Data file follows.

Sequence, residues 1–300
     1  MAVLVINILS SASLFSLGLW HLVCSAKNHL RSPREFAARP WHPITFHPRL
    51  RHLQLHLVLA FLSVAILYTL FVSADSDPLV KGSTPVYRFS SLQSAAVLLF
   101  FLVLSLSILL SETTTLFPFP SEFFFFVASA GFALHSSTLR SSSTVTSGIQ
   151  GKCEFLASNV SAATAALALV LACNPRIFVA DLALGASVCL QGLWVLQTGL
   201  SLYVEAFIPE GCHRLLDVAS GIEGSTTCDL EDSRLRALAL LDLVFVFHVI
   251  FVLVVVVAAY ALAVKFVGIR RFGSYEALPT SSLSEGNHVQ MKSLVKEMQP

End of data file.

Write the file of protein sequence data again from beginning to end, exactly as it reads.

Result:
Sequence, residues 1–300
     1  MAVLVINILS SASLFSLGLW HLVCSAKNHL RSPREFAARP WHPITFHPRL
    51  RHLQLHLVLA FLSVAILYTL FVSADSDPLV KGSTPVYRFS SLQSAAVLLF
   101  FLVLSLSILL SETTTLFPFP SEFFFFVASA GFALHSSTLR SSSTVTSGIQ
   151  GKCEFLASNV SAATAALALV LACNPRIFVA DLALGASVCL QGLWVLQTGL
   201  SLYVEAFIPE GCHRLLDVAS GIEGSTTCDL EDSRLRALAL LDLVFVFHVI
   251  FVLVVVVAAY ALAVKFVGIR RFGSYEALPT SSLSEGNHVQ MKSLVKEMQP